Rollercoaster climbs instead of falling: and how I don’t talk about it with anyone


Hello darkness, my old friend.


I expect sine waves[1]:


But I’m more like bouncing along at the top of that wave, doing a smaller sine wave between and high and “moderately high”. High being my highest points of hypo-mania and “moderate” being “appears normal, if positive and productive” to the outside world, like I mentioned in “That Guy with the Energy”.

I keep coming back to the fear of changes in my symptoms. It’s been a few weeks now and this is I think the third ride up the wave where I thought I was headed down to “normalcy” / flat / plateau and instead there was another kink in the roller coaster and back up we go[2].



Well, not “we”. “We” don’t go up and down. That’s just me – not those around me. It’s just you, not your friends. Not your family. If your friends and family even know.

I don’t talk about my cyclothymia with that many other people[3]. I probably should. At the very least, I should have a good therapist.

A friend is working with a therapist to work through grieving the loss of an immediate family member. When this was mentioned, all I said on the subject was: “I’ve thought about going to a therapist”. I’m sure it came off as trite or dismissive. In reality, I meant it with all sincerity and envied that he had taken the step to do it (for different reasons than my own need) and that he was finding it helpful.

A different friend struggles with depression regularly. But, recently, has been sharing more about his efforts and his successes and how he tackles it. When this was mentioned, all I chimed in with was: “Yeah, I’ve experienced some of that”. I know that my friend understood more, but I still haven’t done a full deep dive with him. I may in the next while.


Before the time when I used “cyclothymia” as my lens for viewing my symptoms, I was with my family for some holidays – that is, my immediate “siblings and parents who I grew up with”. I had been very stressed at work for many months, I had been experiencing a lot more symptoms and was generally starting to be appear that I was dealing with some mental health issues. But I had no idea what those were. I didn’t have a name for them. I didn’t have any kind of short description or list of symptoms. I didn’t understand it very well yet.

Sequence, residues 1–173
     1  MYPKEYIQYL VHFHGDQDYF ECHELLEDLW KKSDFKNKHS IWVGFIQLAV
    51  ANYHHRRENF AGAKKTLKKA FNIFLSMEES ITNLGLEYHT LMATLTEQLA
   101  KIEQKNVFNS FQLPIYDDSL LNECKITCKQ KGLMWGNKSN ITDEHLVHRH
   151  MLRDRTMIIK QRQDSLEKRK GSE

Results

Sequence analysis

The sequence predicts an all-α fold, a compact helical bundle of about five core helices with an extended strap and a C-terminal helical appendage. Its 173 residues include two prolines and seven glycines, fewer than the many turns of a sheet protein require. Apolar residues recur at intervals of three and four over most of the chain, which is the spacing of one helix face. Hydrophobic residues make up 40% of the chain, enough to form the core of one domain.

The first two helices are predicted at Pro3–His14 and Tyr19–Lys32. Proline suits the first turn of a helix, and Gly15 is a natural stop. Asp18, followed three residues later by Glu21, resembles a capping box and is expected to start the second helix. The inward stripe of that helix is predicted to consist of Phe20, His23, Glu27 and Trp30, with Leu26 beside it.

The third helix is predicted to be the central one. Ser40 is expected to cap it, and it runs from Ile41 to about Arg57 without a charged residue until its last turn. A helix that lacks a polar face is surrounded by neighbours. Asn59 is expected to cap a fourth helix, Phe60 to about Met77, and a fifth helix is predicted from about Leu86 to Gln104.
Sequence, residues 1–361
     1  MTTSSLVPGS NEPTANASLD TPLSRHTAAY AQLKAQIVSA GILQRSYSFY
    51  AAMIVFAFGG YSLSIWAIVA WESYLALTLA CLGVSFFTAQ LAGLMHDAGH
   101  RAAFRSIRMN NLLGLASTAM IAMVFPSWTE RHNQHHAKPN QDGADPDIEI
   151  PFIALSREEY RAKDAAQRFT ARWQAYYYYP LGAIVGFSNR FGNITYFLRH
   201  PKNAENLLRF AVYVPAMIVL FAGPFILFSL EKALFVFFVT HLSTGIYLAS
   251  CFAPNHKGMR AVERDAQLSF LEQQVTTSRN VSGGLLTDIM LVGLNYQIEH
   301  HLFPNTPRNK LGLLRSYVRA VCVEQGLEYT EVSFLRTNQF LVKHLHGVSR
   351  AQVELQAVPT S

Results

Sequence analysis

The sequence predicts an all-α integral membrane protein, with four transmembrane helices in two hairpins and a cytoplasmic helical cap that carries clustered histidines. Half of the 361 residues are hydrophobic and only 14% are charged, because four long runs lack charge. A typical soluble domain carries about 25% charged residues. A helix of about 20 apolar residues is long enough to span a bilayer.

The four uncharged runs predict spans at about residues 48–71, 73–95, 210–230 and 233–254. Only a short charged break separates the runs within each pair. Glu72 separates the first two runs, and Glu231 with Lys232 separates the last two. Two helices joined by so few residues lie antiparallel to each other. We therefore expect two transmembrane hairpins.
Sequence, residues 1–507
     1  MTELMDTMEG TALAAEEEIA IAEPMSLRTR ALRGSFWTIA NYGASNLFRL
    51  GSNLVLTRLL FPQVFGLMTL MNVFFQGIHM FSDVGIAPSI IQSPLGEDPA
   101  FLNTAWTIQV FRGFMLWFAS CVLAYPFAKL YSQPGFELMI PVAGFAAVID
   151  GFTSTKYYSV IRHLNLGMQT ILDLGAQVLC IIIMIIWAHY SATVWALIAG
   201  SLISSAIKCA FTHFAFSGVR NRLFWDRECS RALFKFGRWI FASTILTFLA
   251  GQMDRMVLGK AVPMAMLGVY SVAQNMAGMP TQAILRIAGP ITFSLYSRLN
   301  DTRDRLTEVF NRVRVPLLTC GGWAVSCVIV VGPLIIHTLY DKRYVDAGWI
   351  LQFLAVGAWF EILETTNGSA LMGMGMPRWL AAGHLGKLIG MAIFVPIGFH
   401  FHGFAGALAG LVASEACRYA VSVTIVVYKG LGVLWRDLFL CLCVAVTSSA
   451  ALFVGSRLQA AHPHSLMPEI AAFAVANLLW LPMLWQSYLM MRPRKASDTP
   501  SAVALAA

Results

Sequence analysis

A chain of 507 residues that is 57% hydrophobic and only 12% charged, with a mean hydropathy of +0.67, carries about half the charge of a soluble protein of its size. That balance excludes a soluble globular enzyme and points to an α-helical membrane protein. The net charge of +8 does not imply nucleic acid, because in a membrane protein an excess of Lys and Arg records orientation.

I was at the early stages of learning and it was a bit like spelunking in a large cavern and I was just in the mouth of the cavern and no one had turned on any lights. I could tell that I was in a kind of place that was new – the echoe-y sounds, the cool moist air – but I didn’t know where I was or what it was like. I had no idea where the walls were.

“Crazy” I called it. “My particular kind of crazy”. I wasn’t particularly ashamed of it[4]. I realized that we all have our particular eccentricities and when, over dinner, I just exploded in a fit of anxiety – over nothing that should have caused it – and had to leave the table to get some space to think, I ended up explaining it as my struggles with anxiety and “my particular kind of crazy”.

* crickets *

That was some lonely silence. It wasn’t the sort of topic “to be discussed” and it seemed clear that no one else could relate at all. But I had had an outburst that needed explaining, it wasn’t as though I could pretend I had left the table coughing. Something needed to be said as to what had happened.

I imagine that scene going differently now. First, I’m way less likely to have my anxiety get out of control, so it is a lot less likely to happen. Second, I would explain it better – because I understand it better. A short description and then I’d have a lot of more information if any questions were asked.


But I would still feel weird about it.

And so, mostly, except with a few people or in some round-about ways, I don’t talk about it.

Do better than me. And I will work to do better as well.

This is an illness, like other illnesses. I’ve never been embarrassed at having the flu or a cough. But this public stigma is a whole different topic for another day – a future day when I’m more clear on the topic.



[1] Or, really, smoother siney-looking waves of changing heights, like that diagram I mentioned previously.

[2] Though I’m starting to realize that maybe this “regular” shape isn’t “regular” to my experience and maybe I should adjust my expectations.

[3] That’s why I am talking to you, dear reader. That’s why this blog exists.

[4] Though I was embarrassed by my actions.

Photo Credit: Tom, Wikimedia, Melanie Holtsman




…and you thought I was going to include a Simon & Garfunkel reference. Nope. I’m not here whispering in the sound of silence.


Rollercoaster climbs instead of falling: and how I don’t talk about it with anyone

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